Anattā (no-self, without soul, no essence) is the nature of living beings, and this is one of the three marks of existence in Buddhism, along with Anicca (impermanence, nothing lasts) and Dukkha (suffering, unsatisfactoriness is innate in birth, aging, death, rebirth, redeath – the Saṃsāra cycle of existence).While the concept of soul in Hinduism (as atman) and Jainism (as jiva) is taken for granted, which is different from the Buddhist concept of no-soul, each of the three religions believed in rebirth and emphasized moral responsibility in different ways in contrast to pre-Buddhist materialistic schools of Indian philosophies.

When a Buddhist gets more enlightened, this happening to or originating in an 'I' or sakkdyaditthi is less.

The final attainment of enlightenment is the disappearance of this automatic but illusory 'I'.

It also appears as an adjective, for example, in Samyutta Nikaya III.114, III.133, IV.28 and IV.130–166, in Sutta III.66 and V.86 of Vinaya.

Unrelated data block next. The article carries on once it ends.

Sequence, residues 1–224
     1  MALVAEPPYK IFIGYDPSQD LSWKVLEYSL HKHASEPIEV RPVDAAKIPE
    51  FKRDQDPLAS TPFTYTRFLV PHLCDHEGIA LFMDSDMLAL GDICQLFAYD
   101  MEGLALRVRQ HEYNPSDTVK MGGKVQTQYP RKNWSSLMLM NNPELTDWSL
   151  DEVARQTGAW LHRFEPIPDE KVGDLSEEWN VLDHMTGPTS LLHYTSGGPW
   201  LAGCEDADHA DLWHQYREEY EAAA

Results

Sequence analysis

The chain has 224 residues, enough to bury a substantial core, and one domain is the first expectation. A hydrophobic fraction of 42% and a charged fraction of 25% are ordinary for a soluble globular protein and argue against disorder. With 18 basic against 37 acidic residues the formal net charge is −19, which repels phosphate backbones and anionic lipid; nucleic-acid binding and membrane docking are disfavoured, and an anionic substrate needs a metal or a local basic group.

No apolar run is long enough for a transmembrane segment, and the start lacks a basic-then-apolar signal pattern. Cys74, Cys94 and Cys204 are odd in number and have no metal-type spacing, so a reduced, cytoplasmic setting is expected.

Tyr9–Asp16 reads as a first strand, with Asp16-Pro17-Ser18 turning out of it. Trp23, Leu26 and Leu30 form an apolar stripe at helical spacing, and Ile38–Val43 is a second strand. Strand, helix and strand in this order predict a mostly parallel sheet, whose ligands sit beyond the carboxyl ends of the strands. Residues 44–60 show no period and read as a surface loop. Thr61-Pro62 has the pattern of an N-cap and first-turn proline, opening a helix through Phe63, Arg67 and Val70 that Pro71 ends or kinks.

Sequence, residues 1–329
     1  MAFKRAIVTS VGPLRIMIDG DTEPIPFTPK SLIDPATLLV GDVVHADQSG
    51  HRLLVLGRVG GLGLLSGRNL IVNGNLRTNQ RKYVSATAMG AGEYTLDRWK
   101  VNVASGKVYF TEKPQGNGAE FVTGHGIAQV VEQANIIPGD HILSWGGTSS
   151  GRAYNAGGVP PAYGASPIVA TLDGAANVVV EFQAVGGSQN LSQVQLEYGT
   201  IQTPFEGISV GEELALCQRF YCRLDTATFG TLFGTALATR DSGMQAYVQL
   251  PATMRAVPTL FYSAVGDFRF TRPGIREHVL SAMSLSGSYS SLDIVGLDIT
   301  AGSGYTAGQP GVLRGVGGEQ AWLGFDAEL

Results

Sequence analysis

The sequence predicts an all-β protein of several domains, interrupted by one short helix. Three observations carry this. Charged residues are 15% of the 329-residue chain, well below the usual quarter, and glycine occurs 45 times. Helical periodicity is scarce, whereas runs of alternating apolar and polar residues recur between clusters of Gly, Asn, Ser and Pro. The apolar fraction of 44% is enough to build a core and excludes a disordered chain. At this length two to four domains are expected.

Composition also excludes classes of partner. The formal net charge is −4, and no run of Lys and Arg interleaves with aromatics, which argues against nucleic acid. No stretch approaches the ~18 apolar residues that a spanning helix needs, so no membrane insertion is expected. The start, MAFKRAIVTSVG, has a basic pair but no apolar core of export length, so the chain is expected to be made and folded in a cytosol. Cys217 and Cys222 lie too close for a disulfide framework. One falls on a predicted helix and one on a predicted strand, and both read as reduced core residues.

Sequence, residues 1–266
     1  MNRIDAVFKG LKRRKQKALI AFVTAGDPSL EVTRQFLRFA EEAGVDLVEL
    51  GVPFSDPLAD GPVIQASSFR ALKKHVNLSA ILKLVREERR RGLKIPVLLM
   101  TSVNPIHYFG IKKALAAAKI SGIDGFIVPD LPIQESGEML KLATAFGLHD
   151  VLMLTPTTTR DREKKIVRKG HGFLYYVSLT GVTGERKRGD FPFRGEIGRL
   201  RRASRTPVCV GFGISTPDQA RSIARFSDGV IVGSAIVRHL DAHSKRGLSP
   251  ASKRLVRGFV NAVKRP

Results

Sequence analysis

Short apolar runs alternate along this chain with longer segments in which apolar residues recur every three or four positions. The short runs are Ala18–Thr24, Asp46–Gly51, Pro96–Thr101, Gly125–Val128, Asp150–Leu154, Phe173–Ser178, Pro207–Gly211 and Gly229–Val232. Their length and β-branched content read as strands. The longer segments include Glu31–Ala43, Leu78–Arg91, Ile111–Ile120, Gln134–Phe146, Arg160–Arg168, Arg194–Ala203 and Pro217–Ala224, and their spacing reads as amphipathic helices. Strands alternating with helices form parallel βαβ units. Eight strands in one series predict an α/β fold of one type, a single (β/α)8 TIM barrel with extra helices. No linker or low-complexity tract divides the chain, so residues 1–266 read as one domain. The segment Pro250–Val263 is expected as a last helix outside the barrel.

The ancient Buddhist texts present an extensive discussion and rejection of the Vedic concept of Attā (soul, self) – sometimes with alternate terms such as Atuman, Tuma, Puggala, Jiva, Satta, Pana and Nama-rupa – in order to provide the context for the Buddhist Anattā doctrine.

The second loci is the psychological realisation of anatta, or loss of 'pride or conceit'.

This, states Collins, is explained as the conceit of asmimana or 'I am'; (...) what this 'conceit' refers to is the fact that for the unenlightened man, all experience and action must necessarily appear phenomenologically as happening to or originating from an 'I'.

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The materialistic schools of Indian philosophies, such as Charvaka, are called annihilationism schools because they posited that death is the end, there is no afterlife, no soul, no rebirth, no karma, and death is that state where a living being is completely annihilated, dissolved.

Buddhism also contrasts itself with other Indian religions that champion moral responsibility but posit eternalism with their premise that within each human being there is an essence or eternal soul, and this soul is part of the nature of a living being, existence and metaphysical reality.

The Buddha criticized the doctrine that posited an unchanging soul as a subject as the basis of rebirth and karmic moral responsibility, which he called "atthikavāda".